By Michael Coren
In early November the Church of England announced its new Archbishop of Canterbury, the man who is the primate of the world’s Anglican communion. Justin Welby was the lucky fellow, a former oil trade executive, educated at the elite of the elite Eton school, and one of Cambridge University’s most prestigious colleges. He’s a good and intelligent man, a former worshipper at Holy Trinity Church in Brompton, London, where the Alpha course was conceived and taught, and someone renowned for his evangelical rather than liberal beliefs.
What has to be immediately understood about Anglican politics if we are to appreciate its delicate yet often absurd realities is something called the three-step rule. In other words, any and every subject will always be a mere three steps away from the subject of homosexuality. As an Anglican minister friend of mine once said: “We were discussing retired vicars. First, where should they live? Second, where should the married ones live? Third, where should the same-sex married ones live? Thing is, there weren’t any same-sex married vicars in the entire diocese.”
As we discovered long ago, it is not conservatives but radicals who are obsessed with the subject. And so with the challenges of the new Archbishop of Canterbury. He has been known for some years as a serious Christian and thus an opponent of gay marriage. He’s also been known for dozens of far more important things. But within moments of the announcement, activists and their friends in the media demanded to know how the new man would handle this allegedly vital issue.
Instead of telling them to wait or to concentrate on more important challenges, Welby promised to examine his own thinking on homosexual marriage “carefully and prayerfully” and made a point of explaining that we must guard against “exclusion.” Well of course we must. It’s a fundamental of Christian belief that we are all made in the image of God and every human being must be welcomed into the Church. But every human being is not the same thing as every human action, and as fallen people we do get things wrong; yes, we sin. Because of the complex nature of sexuality we must be empathetic and compassionate, but this is not the same as accepting and affirming lifestyles that are completely contrary to the teachings of Scripture, the Church Fathers, the deposit of faith and all historic and contemporary teachings of Christianity. It’s not simple, in spite of what gay activists would have us believe.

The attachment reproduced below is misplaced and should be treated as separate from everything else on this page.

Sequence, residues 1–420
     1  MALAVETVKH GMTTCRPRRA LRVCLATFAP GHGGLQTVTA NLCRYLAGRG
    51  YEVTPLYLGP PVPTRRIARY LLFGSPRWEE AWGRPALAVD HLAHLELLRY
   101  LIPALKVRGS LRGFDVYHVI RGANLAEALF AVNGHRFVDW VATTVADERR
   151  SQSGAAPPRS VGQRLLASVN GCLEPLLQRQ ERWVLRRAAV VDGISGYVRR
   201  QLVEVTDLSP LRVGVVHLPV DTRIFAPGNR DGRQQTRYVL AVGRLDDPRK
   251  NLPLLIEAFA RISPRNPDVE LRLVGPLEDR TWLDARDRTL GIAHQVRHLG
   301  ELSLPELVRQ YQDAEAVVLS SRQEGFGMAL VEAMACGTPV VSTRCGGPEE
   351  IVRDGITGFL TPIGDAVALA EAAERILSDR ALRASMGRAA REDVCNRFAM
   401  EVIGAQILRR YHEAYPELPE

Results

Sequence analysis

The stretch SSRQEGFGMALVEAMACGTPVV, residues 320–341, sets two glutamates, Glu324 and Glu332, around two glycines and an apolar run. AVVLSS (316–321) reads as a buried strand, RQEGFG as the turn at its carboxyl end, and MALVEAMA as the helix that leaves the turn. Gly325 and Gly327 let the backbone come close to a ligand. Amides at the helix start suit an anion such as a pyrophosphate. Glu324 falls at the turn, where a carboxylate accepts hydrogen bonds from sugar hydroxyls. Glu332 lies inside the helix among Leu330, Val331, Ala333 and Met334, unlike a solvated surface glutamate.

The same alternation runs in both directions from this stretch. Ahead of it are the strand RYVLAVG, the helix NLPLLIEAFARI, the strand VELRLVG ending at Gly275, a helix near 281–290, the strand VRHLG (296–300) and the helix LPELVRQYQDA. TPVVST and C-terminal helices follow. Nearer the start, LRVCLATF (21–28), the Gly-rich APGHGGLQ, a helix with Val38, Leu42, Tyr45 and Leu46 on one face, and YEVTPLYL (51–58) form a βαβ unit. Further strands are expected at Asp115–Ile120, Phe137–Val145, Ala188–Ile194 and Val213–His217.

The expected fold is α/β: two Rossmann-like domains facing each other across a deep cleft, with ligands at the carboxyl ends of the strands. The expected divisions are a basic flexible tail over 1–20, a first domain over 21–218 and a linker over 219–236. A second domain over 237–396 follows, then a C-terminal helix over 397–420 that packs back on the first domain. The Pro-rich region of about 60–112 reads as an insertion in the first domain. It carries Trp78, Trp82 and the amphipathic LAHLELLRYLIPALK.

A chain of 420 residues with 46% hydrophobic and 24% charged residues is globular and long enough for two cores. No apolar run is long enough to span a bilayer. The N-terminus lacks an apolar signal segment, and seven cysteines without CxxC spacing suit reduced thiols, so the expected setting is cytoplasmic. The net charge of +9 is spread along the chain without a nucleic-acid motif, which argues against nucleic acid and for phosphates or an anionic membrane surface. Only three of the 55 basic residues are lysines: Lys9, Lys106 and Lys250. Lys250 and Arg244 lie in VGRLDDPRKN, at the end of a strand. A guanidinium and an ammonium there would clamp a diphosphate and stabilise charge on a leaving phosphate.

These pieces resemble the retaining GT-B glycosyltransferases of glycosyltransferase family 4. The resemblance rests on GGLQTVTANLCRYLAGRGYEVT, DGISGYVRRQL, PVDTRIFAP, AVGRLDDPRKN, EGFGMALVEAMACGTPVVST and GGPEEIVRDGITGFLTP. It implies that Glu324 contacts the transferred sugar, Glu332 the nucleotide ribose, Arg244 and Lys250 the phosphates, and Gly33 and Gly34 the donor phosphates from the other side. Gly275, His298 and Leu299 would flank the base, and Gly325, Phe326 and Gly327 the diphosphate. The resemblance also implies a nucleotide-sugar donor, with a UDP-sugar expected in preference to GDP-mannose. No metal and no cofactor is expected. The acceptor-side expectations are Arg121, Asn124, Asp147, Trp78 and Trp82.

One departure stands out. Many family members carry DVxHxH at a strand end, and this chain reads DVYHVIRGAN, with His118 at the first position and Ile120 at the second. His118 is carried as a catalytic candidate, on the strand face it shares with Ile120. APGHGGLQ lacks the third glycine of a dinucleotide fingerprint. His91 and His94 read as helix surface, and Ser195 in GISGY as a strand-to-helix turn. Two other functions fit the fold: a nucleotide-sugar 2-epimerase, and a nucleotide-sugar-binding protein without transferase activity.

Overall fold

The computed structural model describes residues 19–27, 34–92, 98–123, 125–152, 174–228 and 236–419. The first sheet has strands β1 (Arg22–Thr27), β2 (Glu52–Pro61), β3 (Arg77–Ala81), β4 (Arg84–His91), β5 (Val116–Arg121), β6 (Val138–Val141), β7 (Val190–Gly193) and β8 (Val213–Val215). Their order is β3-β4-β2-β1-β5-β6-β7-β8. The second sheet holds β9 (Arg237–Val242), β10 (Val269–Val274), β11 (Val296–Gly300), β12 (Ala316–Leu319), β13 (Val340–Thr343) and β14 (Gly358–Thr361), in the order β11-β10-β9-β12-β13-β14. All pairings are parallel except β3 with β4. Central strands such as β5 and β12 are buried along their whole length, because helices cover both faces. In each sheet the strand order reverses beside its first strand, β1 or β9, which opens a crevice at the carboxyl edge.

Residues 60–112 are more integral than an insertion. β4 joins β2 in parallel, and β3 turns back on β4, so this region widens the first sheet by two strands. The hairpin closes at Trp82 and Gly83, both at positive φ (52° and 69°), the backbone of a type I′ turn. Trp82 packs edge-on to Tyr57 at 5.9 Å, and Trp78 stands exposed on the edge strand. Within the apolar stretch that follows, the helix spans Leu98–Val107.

Yet according to Archbishop Welby, it seems, if we examine our own thinking “carefully and prayerfully” for long enough we might change our minds. And I will bet the house on the fact that after that careful and prayerful thinking Welby will change his mind in some way or another. One would have thought that before becoming an archbishop a Christian would already have spent a great deal of time considering such difficulties and that promotion would not suddenly change what is true and good, and what is not true and not good.
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